H. V. Morton and Howard Spring (author of Fame is the Spur) were invited to accompany the Prime Minister and his entourage on this trip, which was not without its hazards. Only a handful of people knew that Churchill had left Britain and in America the press merely reported that Roosevelt was enjoying a few days' away from Washington, fishing. The Prince of Wales set off from Scrabster on 4th August 1941 and reached her destination at Newfoundland on 9th August 1941. A routine was quickly established on board and the crew soon became used to the Prime Minister's timetable and requirements, especially his regular film nights. Together with the Prime Minister's bodyguard, Thompson, a number of key personnel accompanied Churchill on this mission, including Lord Beaverbrook who joined the ship by flying to Newfoundland's Placentia Bay. The Atlantic Treaty, whilst not achieving all that Churchill had hoped for, was a key document in the development of the war and post-war strategy. Churchill had hoped that at the resolution of the meeting America would join the war during the summer of 1941 but this was not to be.America did finally join the war in December 1941 following the Japanese attack on the US base at Pearl Harbour.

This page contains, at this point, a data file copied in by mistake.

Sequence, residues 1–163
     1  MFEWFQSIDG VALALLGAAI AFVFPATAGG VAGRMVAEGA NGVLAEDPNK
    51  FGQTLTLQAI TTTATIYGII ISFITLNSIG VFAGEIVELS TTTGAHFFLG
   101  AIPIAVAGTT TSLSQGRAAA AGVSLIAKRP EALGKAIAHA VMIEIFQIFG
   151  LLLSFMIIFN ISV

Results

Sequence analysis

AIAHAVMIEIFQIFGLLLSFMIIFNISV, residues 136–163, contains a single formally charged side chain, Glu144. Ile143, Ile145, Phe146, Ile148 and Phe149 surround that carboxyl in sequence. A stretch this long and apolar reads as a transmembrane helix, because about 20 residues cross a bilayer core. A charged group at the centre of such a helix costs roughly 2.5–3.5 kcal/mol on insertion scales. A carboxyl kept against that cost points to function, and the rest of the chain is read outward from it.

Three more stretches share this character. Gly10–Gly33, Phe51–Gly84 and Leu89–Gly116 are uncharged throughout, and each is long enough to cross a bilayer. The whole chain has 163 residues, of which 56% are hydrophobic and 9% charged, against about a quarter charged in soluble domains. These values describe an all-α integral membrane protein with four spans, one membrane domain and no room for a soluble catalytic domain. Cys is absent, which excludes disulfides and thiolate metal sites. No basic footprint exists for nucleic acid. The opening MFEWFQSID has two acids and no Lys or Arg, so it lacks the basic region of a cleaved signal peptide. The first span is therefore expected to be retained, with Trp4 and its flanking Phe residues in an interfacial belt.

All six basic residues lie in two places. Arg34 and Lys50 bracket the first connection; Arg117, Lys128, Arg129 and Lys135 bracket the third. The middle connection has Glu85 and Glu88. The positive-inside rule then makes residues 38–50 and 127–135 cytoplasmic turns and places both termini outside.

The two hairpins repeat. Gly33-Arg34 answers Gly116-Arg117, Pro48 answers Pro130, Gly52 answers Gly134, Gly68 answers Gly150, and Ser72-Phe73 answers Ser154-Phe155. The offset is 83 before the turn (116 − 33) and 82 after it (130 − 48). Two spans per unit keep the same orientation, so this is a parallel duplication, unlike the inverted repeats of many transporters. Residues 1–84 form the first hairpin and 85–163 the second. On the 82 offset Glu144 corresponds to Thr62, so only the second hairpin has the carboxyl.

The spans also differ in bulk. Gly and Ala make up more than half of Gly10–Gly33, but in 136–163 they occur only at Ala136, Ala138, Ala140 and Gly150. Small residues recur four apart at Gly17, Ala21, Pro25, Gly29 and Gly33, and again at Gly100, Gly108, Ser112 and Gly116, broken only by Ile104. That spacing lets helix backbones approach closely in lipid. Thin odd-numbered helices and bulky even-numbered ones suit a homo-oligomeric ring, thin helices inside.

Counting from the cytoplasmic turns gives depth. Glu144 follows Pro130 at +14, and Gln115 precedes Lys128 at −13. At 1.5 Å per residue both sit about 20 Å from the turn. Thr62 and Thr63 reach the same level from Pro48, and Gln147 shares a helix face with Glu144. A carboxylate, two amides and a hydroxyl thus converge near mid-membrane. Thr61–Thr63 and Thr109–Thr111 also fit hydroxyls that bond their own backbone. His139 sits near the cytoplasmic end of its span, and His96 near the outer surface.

H. V. Morton's account was not released for publication until 1943. Atlantic Meeting is a unique account of the events leading up to Churchill's discussions with Roosevelt and a fascinating account of the practicalities - and occasionally humour - involved in such a perilous journey.